Easter in Early Modern England

The Lenten and Easter season in pre-Reformation England was rich in sights and sounds and smells. Shrove Tuesday was celebrated with pancakes and football games, plays and masquerades. Ash Wednesday brought the blessing of ashes and their application by the priest to the foreheads of the faithful with the injunction ‘Remember O man that thou are … Continue reading Easter in Early Modern England

Elizabethan Magpie Pickings

I have something of a magpie brain—I like to collect shiny bits of information, not necessarily immediately useful but interesting, to me at least. Over the past few weeks I have been heavily revising my current work in progress, The Bridled Tongue, and checking that I have no glaring anachronisms. These are some of the … Continue reading Elizabethan Magpie Pickings

More than just written words?

Yesterday was National Handwriting Day in a number of countries and wonderful images of pages handwritten by various people from the past were floating around the internet.  One was the the draft of a speech given by Elizabeth I to Parliament on 10 April 1563 responding to a House of Lords petition urging her to … Continue reading More than just written words?

Black Friday, 13 January 1939

It is 80 years today since the Black Friday bushfires which devastated the Gippsland area of Victoria. In 1989, on the 50th anniversary of those fires, my mother, Catherine Mary (McGrath) Merrick, put her memories of that day on paper . ~~~ 'What a dreadful day. The hills of East Gippsland and beyond Melbourne were … Continue reading Black Friday, 13 January 1939

An Unseasonal Christmas – Rain, Wind and Snow in 1878

In less than one hundred years of British settlement in Australia, settlers had developed certain expectations of Christmas -- the weather would be warm, dinner could be taken al fresco, the afternoon would be spent in outdoor activities. But 1878 was a year when the 'clerk of the weather' decided to show that he had … Continue reading An Unseasonal Christmas – Rain, Wind and Snow in 1878

‘It is an action like a stratagem in war where man can err but once’ – Choosing a spouse in 16th century England

During the 16th century, as in the centuries both before and after, marriage was a state that most aspired to - it gave both men and women status not only as full adults but, in the case of men, that of householder. Without marriage, women had few opportunities to independently support themselves. Except for those … Continue reading ‘It is an action like a stratagem in war where man can err but once’ – Choosing a spouse in 16th century England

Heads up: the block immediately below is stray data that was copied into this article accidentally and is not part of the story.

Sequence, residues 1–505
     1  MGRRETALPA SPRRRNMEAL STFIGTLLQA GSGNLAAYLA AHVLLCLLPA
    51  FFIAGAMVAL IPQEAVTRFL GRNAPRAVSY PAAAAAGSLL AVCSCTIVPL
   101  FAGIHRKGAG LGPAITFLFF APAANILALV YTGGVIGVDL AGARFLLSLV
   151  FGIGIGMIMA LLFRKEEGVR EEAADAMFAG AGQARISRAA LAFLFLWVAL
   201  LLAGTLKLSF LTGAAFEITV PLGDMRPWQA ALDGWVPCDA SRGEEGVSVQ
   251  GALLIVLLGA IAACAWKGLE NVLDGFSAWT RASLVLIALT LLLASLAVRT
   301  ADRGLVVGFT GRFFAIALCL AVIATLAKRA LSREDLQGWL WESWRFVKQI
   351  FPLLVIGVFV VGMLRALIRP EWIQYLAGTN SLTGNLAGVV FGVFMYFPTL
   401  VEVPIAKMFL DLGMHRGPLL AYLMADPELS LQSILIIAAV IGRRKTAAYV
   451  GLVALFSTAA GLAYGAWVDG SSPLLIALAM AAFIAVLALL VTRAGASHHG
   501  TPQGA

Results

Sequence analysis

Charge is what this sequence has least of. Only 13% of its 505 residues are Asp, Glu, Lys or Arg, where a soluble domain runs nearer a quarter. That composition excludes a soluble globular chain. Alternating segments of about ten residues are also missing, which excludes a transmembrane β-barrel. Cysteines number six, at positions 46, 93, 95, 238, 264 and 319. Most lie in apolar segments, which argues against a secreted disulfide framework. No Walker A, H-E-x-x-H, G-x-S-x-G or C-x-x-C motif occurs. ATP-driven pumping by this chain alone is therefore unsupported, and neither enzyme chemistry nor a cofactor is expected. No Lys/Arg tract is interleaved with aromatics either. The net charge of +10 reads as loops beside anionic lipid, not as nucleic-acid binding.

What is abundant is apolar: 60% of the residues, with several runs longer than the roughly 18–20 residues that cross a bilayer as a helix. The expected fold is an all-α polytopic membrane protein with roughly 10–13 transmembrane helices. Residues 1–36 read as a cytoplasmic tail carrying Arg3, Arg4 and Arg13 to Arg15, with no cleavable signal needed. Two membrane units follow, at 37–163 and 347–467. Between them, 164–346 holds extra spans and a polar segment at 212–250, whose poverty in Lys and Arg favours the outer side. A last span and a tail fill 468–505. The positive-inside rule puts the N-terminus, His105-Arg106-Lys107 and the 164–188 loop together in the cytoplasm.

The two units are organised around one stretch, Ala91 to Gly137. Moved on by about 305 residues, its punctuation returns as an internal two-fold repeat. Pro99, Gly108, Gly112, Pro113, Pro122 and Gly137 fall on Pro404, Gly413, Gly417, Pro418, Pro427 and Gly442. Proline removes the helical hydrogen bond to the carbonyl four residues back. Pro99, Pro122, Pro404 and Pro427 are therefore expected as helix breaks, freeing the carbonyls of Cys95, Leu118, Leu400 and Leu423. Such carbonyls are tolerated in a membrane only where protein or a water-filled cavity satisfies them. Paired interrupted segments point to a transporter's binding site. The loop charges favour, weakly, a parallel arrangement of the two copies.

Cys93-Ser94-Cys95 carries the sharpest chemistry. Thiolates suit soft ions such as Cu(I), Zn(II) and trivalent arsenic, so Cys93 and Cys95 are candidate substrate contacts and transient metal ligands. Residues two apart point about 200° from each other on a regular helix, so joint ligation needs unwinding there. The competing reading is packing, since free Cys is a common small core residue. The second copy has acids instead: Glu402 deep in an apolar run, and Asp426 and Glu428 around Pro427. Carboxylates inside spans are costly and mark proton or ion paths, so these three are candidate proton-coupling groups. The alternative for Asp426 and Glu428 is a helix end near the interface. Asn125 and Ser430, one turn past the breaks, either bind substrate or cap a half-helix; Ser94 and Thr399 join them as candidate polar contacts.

Early Modern Children

We are fortunate that a number of portraits survive of children from the upper levels of society in the late Elizabethan and early Jacobean period. These give us a glimpse of childhood in that period and hint at the ways childhood, the raising of children, and even life itself differ from today. Infants were swaddled … Continue reading Early Modern Children

A Glimpse of Elizabethan Norwich

I am currently revising my next novel, The Bridled Tongue, which is set partly in Norwich. Although Norwich suffered extensive bombing during World War II, there are numerous areas where Norwich's history is still plain. In 2016 I visited Norwich and so was able to glimpse the streets and sights that would have been familiar … Continue reading A Glimpse of Elizabethan Norwich

One Minute Book Review – Girolamo Savonarola: The Renaissance Preacher by Samantha Morris

Girolamo Savonarola was a 15th century Dominican friar. For most people today, he is known either for his striking portrait by Baccio della Porta (Fra Bartolomeo) or for his association with the Bonfires of the Vanities in Florence where Savonarola’s supporters publicly burnt thousands of objects considered to be distractions from religious duties and possible … Continue reading One Minute Book Review – Girolamo Savonarola: The Renaissance Preacher by Samantha Morris

‘The great daunger of childbyrth’

While not an absolute rarity, portraits of pregnant women were not common in the Renaissance period. Surprisingly, there are  a number of late Elizabethan and early Jacobean portraits of women at an advanced stage of pregnancy, sometimes surrounded by their children, sometimes alone. Many of these were painted by Marcus Gheeraerts the Younger. When I … Continue reading ‘The great daunger of childbyrth’